This image is centered on a small cone on the side of one of Mars’ giant shield volcanoes. The cone shows some layers of hard rock but most of it is made of relatively soft material. This appears to be an example of a “cinder” cone composed of pieces of lava thrown into the air during a small volcanic eruption.
Typically, such eruptions produce fountains of molten lava. Most of the lava would have cooled in this fountain, producing a loose pile of lava rocks. However, it appears that some pulses of the eruption allowed the lava to land without cooling much. These pieces were hot enough to weld together to make the hard layers we see today. The cone is 700 x 1100 meters (2300 x 3600 feet) in size, similar to many cinder cones on Earth.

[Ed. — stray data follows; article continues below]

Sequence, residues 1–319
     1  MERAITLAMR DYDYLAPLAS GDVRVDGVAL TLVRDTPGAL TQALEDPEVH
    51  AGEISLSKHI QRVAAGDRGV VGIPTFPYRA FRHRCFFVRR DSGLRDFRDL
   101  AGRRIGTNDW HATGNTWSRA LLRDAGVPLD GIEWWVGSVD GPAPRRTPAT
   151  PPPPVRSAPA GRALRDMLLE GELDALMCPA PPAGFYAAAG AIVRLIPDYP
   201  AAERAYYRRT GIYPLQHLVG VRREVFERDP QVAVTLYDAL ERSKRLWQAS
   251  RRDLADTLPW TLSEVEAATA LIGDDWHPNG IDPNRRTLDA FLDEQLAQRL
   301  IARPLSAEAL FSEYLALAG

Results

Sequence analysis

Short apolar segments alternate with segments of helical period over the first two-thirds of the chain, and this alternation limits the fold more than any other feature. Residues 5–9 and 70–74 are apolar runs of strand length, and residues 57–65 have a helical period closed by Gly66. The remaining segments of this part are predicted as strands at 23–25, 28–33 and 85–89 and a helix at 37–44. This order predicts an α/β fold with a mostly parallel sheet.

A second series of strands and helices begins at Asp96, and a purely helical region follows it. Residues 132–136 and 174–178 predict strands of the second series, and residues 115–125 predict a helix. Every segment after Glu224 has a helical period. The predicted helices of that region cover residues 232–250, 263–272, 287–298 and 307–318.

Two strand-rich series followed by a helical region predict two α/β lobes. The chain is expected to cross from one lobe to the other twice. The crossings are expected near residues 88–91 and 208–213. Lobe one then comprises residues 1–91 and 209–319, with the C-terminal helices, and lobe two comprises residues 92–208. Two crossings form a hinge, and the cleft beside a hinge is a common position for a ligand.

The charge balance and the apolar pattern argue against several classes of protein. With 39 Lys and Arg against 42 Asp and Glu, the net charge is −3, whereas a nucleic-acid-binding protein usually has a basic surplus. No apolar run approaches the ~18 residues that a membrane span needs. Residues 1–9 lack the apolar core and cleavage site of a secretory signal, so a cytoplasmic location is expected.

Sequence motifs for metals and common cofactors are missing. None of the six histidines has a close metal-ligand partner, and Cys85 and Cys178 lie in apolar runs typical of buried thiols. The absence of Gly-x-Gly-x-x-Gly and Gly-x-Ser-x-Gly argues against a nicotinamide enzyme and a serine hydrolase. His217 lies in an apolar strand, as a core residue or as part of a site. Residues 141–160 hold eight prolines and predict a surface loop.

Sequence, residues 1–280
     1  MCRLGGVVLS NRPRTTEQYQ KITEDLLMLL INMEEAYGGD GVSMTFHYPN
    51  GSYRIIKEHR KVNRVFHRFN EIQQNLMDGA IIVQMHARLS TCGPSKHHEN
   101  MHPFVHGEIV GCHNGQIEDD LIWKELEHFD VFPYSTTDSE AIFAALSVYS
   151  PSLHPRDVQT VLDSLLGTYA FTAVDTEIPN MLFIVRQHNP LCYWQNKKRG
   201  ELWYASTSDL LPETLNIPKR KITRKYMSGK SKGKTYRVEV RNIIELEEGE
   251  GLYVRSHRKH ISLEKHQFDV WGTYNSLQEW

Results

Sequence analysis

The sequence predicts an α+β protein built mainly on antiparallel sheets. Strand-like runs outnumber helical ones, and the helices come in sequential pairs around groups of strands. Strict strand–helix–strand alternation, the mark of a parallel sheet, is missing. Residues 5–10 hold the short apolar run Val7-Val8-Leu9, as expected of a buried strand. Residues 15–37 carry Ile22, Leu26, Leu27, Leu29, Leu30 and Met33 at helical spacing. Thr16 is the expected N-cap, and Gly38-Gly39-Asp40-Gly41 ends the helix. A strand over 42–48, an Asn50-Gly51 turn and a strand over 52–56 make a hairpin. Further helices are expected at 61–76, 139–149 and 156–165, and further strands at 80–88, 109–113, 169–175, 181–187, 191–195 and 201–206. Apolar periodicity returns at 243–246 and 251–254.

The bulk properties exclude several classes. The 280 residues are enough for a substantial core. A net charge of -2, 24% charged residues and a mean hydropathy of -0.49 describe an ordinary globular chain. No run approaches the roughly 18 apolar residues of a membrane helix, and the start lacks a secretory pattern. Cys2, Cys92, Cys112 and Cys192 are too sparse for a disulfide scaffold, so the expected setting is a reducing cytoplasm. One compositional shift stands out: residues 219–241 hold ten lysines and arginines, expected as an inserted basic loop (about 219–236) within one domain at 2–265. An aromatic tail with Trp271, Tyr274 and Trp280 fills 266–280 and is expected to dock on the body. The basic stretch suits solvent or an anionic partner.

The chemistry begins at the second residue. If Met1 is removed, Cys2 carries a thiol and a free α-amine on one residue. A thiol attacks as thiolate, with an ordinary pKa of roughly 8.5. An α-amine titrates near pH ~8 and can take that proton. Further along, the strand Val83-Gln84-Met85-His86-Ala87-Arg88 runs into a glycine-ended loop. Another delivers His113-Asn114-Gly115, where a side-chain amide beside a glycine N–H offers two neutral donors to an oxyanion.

In other parts of the image, we see channels carved by lava. It is sometimes difficult to tell if a channel was formed by flowing water or lava; in this case, it is possible to see that lava flows feed out of these channels.
Written by: Laszlo P. Kestay (6 October 2010)
This is a stereo pair with ESP_011413_1790 .
More info and image formats at http://hirise.lpl.arizona.edu/PSP_002671_1790
Image: NASA/JPL/University of Arizona